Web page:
From India with love

What I’ve been eating: lotus roots sliced thin and fried in honey-chilli sauce (at Kylin, Vasant Lok); Burmese khao suey noodle-coconut curry (at Kitchen, Khan Market); bear naked fruit & nut bar; custard apple; parathas, rotis, brown rice, home-cooked vegetable curries; pizza

What I’ve been reading: Perdido Street Station by China Mieville; Wicked by Gregory Maguire; Lonely Planet India; The Cost of Living by Arundhati Roy

What I’ve been spending (43 rupees = $1): 44 rupees to have 2 days’ worth of clothes ironed; 1 rupee per minute or per text on my new Vodaphone (email me if you want the phone number); 400 rupees for an hourlong massage

What I’ll be doing next: Book touring! Click here for updated India event details


I don’t feel like I have much new to say about India (at least not yet) that hasn’t been said a million times by foreigners coming here and being awed, overwhelmed, etc. So if you’ve been to India or read enough about it, nothing here is going to be that exciting. But for my friends, I want to use this blog as a way of staying in touch and sharing what’s going on; so, banal as these observations may be, I’ll continue. 🙂

I usually fly into Mumbai, but this time it was lovely to arrive in New Delhi, a more manageable city in almost every way — size, congestion, pollution, weather (a perfect 72 degrees upon landing, followed by a couple of cool and slightly rainy days). I’ve pretty much recovered from jet lag and this morning transferred over to the first of several hotels/guesthouses where I’ll stay for my book tour.

I stayed with friends for the first three days, which was really a lovely way to acclimatize and rest before starting work. The friends I stayed with are, like me, second-generation Indo-Americans, living in India for a year. Let’s call them Sweetie and Eatie, since the wife is super-sweet and the husband is known among all our friends for his prodigious appetite.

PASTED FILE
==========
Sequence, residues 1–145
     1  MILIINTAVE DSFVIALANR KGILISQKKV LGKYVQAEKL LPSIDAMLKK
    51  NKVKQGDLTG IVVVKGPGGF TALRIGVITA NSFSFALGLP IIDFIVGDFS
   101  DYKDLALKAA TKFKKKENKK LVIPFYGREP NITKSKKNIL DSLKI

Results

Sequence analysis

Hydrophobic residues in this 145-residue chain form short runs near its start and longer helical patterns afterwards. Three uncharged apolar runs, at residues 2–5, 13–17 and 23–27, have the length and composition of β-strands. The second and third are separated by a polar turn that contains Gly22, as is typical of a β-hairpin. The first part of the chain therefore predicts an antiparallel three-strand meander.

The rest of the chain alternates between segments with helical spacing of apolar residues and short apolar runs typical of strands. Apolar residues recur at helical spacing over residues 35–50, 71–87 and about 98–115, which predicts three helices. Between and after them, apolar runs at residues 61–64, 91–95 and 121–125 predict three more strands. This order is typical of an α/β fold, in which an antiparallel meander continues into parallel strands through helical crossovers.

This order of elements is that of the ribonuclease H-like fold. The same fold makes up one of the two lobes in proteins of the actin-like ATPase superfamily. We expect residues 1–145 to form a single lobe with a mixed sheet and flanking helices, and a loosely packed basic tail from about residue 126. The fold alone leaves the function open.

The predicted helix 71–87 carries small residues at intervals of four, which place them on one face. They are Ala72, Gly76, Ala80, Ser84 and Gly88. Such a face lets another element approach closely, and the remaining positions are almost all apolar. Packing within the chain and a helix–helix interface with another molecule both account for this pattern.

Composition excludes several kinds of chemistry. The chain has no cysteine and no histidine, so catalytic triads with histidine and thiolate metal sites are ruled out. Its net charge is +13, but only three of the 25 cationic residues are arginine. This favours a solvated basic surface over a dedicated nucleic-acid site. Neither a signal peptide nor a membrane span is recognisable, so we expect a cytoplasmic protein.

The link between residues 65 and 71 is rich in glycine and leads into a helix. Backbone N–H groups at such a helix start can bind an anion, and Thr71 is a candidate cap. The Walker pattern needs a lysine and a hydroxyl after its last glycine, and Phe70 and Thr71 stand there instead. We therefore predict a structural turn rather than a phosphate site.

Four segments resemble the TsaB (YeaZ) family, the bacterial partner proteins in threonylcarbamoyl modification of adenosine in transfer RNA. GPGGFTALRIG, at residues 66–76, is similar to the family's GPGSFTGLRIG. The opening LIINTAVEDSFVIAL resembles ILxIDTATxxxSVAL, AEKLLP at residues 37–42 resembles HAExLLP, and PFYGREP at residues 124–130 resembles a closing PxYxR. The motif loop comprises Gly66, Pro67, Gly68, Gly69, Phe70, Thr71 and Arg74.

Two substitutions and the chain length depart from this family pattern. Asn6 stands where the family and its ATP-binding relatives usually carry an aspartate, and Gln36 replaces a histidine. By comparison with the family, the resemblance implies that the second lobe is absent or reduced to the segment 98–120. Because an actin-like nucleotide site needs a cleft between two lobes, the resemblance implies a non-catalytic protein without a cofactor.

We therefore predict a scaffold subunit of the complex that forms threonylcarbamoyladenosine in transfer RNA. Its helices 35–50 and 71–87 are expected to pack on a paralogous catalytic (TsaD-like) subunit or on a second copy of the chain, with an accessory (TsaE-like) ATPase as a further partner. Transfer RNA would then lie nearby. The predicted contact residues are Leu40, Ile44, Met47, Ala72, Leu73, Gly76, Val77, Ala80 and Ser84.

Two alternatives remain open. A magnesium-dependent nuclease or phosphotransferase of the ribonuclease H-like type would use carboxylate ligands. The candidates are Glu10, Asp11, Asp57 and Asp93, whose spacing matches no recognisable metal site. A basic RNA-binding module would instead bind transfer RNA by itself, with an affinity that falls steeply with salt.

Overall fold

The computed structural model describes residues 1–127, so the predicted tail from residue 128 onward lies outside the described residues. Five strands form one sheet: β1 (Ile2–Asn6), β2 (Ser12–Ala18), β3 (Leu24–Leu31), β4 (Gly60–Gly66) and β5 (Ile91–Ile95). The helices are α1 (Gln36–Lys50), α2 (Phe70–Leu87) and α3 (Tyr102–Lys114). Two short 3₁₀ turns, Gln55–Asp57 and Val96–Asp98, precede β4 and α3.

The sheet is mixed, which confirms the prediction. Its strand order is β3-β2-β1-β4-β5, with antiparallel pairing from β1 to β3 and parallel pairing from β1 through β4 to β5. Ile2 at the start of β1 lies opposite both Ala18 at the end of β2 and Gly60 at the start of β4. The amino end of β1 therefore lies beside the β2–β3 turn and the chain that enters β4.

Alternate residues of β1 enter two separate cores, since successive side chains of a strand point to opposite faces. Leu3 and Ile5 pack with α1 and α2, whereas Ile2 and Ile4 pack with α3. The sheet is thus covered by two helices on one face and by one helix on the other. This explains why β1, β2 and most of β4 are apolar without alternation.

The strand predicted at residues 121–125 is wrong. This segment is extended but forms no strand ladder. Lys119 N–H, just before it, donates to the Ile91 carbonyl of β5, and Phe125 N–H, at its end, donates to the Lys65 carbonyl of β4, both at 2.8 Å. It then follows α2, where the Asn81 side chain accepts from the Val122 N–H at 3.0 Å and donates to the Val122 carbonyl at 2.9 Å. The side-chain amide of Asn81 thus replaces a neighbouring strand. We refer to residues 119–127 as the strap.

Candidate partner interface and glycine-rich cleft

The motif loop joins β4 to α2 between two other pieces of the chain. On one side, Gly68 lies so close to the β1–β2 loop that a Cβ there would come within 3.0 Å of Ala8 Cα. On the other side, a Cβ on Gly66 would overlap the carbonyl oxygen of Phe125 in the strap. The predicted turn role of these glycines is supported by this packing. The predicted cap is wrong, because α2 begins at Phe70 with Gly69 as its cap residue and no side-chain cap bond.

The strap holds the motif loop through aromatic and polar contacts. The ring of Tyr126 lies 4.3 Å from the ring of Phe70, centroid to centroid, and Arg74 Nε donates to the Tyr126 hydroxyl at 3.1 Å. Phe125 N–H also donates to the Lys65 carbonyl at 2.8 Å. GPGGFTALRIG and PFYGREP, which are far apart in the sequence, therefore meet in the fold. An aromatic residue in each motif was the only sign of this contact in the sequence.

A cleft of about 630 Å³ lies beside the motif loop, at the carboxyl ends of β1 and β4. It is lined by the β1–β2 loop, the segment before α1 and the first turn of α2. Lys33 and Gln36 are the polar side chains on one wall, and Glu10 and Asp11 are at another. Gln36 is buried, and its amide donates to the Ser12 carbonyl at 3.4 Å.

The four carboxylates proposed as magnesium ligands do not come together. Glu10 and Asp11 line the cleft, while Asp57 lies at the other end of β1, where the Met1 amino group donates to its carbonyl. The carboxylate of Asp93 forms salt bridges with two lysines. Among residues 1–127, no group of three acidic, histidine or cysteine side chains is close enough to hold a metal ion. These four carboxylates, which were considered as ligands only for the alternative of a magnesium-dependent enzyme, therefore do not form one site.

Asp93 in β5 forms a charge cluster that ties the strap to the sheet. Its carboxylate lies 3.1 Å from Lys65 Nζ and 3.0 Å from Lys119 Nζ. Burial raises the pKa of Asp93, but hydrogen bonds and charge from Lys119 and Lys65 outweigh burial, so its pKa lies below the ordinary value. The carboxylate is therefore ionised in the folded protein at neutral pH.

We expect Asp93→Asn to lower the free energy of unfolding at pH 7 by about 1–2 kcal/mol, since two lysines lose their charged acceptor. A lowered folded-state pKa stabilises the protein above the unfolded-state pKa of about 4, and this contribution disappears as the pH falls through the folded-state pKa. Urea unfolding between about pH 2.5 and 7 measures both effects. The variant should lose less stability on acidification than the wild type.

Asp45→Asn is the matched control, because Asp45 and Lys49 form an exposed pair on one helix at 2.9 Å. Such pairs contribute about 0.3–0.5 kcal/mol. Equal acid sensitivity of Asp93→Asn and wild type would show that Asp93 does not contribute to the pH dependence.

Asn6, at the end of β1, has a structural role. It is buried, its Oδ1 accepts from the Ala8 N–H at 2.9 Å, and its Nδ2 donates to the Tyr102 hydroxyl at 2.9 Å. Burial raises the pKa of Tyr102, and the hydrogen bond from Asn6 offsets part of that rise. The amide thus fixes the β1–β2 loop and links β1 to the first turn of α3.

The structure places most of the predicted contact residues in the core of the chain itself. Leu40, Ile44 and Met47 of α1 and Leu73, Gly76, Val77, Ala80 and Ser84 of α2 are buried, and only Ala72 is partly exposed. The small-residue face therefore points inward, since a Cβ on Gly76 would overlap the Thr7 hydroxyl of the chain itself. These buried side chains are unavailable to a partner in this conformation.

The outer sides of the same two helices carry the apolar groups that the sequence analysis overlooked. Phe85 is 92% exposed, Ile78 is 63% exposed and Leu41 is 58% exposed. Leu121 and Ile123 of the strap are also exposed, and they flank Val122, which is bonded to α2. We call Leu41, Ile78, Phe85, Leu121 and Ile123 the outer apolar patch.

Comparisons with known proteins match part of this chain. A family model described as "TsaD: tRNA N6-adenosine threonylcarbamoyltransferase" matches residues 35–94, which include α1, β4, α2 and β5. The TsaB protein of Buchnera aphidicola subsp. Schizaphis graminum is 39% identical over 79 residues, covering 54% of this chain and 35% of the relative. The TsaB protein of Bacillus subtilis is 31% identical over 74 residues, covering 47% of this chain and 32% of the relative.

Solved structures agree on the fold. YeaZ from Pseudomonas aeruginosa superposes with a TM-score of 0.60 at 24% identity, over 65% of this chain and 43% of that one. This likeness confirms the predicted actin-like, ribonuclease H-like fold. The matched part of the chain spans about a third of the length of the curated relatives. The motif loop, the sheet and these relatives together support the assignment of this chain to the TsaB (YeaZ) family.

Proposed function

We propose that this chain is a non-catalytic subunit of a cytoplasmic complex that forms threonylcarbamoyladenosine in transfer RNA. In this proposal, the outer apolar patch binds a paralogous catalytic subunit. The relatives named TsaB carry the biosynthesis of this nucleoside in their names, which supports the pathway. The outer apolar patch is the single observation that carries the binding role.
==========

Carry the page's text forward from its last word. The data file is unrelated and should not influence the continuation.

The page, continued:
On my first afternoon Sweetie took me to buy a cell phone. Compared to my $100/month unlimited cell + data plan at home, here I paid about $50 for pre-paid talk time that will probably last me most of my trip. That includes the phone, a nifty little Nokia that rings with Hindi film jingles and offers me a Hindi word of the day. The most expensive calls I’ll be making, to the United States, are 7 rupees a minute — super cheap compared to the $1/minute it costs to call India from the U.S. on a regular land line.

Pretty much everything in India involves a lot of paperwork, so in order to get the cell phone, I had to first get passport-size photos taken. Sweetie took me to the photo place, where for 50 rupees I got 5 photos. The guy even photoshopped my hair so that it looked neater and (sigh) lightened me up a few shades. Instant “fair & lovely,” I guess. Back at the cell phone place I gave them one of the photos, a photocopy of my passport, and a photocopy of the passport page with my India visa on it, plus I signed several sets of forms; who knows where all this goes. I was so glad Sweetie was with me to show me which cell phone stall to go to and ask about special deals (“schemes”).

It’s 25 hours of travel to get here from California, and although I usually sleep well on planes, I didn’t this time, so I was practically hallucinating by the time we got back to the apartment. I took a five-hour nap, blearily had dinner with them when Eatie got home from work, and went back to bed for ten hours.

Sweetie is a human rights education scholar, here on a fellowship for a year, and I loved hearing little bits of her fieldwork with organizations that are teaching children from marginalized Dalit and Adivasi communities across India about their rights. I took a peek at one of the student workbooks and it had questions like, “Does your teacher beat students?” — a common practice.

Eatie is a lawyer working on financial reform in India, and he likes it here so much that they’ve decided to extend their stay by several months. He’s really embracing the India lifestyle and says he doesn’t miss life in New York at all.  They both seem to be doing really great work.  I was inspired by their projects and also by how skillfully they’ve immersed themselves into life here, living in a typical middle-class Indian apartment rather than a Westernized enclave, getting around in auto-rickshaws and eating at dhabas (open-air restaurants), and managing all the issues that came with their apartment, from the cook who grumbles every time she has to cook brown rice (“you pay double price for this? and it’s such bad rice!?”) to unfamiliar situations such as water being available only at certain times of day, pigeons invading the apartment, etc.!